By Natasha Bach
July 27, 2017

Russia created bogus Facebook accounts to spy on French President Emmanuel Macron’s campaign earlier this year, according to a Reuters report.

Around two dozen accounts were created in the names of friends of friends of the French head of state as part of an effort to gather information on the then-candidate, Reuters reported, citing a U.S. congressman and two other sources. While Facebook had previously reported that fake accounts were being generated to spread misinformation, this was the first report of an infiltration so close to the candidate.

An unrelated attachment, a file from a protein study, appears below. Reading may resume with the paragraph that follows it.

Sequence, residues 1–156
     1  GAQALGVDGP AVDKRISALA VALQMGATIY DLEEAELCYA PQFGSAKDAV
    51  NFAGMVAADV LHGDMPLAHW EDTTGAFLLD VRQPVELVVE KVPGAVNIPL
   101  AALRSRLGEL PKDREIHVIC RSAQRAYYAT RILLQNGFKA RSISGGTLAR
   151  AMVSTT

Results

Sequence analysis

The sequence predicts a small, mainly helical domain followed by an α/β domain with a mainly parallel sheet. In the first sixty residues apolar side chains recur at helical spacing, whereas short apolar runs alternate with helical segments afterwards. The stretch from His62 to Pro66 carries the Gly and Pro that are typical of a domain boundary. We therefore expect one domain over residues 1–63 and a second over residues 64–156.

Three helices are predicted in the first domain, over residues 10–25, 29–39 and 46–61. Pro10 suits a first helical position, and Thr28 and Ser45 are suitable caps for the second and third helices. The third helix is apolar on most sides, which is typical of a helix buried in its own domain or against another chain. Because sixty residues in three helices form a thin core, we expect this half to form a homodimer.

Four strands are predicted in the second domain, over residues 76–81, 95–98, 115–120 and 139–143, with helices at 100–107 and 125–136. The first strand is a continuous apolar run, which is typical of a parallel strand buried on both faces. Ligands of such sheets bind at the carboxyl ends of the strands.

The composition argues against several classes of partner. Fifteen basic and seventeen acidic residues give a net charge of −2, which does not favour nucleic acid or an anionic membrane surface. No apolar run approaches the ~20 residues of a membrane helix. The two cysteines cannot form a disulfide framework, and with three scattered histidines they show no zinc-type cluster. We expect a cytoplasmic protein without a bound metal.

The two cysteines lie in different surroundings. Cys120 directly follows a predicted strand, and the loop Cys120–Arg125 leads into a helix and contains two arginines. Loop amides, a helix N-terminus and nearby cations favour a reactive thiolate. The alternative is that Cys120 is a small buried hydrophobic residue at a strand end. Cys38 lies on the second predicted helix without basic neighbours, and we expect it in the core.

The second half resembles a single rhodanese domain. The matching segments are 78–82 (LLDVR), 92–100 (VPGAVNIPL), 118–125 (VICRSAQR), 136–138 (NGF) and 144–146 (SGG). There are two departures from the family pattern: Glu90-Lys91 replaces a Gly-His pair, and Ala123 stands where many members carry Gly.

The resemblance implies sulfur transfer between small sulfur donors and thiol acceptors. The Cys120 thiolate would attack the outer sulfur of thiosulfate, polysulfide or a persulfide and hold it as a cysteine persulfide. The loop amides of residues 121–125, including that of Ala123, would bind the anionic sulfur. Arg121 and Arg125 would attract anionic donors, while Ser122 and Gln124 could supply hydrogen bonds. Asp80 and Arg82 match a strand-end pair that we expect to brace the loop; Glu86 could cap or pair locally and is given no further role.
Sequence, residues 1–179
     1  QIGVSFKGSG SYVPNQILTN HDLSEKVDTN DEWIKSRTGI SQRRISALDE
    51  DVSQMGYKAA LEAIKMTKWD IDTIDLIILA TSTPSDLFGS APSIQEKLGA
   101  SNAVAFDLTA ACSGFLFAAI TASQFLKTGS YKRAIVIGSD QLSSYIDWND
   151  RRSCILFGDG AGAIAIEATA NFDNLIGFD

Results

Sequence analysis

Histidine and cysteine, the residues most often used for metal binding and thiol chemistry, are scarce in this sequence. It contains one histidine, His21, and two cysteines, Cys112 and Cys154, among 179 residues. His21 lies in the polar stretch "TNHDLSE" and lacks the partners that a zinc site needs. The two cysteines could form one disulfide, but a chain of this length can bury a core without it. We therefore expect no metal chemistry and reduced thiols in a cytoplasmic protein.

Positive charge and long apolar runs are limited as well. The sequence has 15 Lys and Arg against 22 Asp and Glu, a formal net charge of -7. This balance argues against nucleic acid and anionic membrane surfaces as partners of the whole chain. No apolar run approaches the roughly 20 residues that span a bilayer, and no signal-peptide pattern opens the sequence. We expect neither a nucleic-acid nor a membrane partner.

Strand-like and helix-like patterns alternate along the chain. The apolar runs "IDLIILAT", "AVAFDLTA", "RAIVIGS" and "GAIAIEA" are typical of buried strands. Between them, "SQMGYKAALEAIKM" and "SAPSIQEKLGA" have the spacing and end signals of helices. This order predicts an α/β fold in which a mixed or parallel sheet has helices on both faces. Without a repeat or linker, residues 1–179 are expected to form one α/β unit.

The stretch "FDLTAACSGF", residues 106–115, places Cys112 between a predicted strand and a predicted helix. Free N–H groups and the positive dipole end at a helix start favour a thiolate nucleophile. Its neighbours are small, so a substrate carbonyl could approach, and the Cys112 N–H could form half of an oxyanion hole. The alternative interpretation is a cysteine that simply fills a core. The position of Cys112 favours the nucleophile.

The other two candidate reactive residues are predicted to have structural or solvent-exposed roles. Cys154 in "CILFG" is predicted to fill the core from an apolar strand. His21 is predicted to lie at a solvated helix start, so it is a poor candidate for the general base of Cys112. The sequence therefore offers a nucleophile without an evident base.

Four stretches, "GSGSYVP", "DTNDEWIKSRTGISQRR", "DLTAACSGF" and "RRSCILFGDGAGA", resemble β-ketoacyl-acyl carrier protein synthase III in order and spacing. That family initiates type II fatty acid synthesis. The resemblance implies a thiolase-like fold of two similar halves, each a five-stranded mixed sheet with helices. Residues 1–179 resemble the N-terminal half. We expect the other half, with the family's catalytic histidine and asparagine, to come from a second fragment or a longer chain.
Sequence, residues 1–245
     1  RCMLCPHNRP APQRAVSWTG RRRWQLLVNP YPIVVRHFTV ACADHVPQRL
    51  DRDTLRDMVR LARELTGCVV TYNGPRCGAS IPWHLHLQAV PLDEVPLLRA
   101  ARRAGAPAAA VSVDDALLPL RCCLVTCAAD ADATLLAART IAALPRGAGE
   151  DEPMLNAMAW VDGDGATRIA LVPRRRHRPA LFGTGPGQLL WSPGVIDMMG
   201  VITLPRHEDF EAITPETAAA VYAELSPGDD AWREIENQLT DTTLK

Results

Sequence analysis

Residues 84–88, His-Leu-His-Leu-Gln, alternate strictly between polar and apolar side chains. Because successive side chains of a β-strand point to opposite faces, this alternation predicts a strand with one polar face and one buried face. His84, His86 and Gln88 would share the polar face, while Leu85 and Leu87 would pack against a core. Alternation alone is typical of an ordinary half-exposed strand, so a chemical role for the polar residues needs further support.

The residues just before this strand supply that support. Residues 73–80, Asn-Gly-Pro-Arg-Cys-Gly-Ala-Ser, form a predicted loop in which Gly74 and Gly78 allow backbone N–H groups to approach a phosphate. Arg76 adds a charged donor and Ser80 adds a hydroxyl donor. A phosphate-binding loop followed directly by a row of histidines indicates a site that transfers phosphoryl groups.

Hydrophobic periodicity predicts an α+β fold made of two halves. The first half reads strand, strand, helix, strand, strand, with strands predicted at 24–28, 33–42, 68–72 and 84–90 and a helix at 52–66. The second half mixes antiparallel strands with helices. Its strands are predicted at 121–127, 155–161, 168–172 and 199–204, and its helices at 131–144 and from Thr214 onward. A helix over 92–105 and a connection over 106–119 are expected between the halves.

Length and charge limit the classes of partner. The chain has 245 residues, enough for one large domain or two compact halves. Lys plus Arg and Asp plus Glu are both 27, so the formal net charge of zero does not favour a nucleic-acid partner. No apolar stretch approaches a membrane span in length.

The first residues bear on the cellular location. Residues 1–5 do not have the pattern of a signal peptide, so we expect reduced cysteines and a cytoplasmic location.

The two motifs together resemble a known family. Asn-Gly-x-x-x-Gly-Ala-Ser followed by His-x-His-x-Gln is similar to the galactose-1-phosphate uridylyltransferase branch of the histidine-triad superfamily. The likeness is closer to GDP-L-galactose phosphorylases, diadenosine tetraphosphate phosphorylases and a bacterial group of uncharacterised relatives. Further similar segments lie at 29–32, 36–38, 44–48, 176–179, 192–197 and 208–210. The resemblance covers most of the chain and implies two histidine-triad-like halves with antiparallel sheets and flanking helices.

The anonymous sources noted that the hacking was traced back to the GRU, Russia’s largest foreign intelligence agency—the same unit that was blamed for the hacking of the DNC during the 2016 US Presidential election.

According to the report, 70,000 accounts were suspended over the course of the French election for “promoting propaganda or spam.”

Facebook reportedly confirmed that it had been alerted to and deactivated the fake accounts. But in an era when fake news and bots dominate the headlines, Facebook is under increasing scrutiny for allowing the proliferation of propaganda and misleading information.

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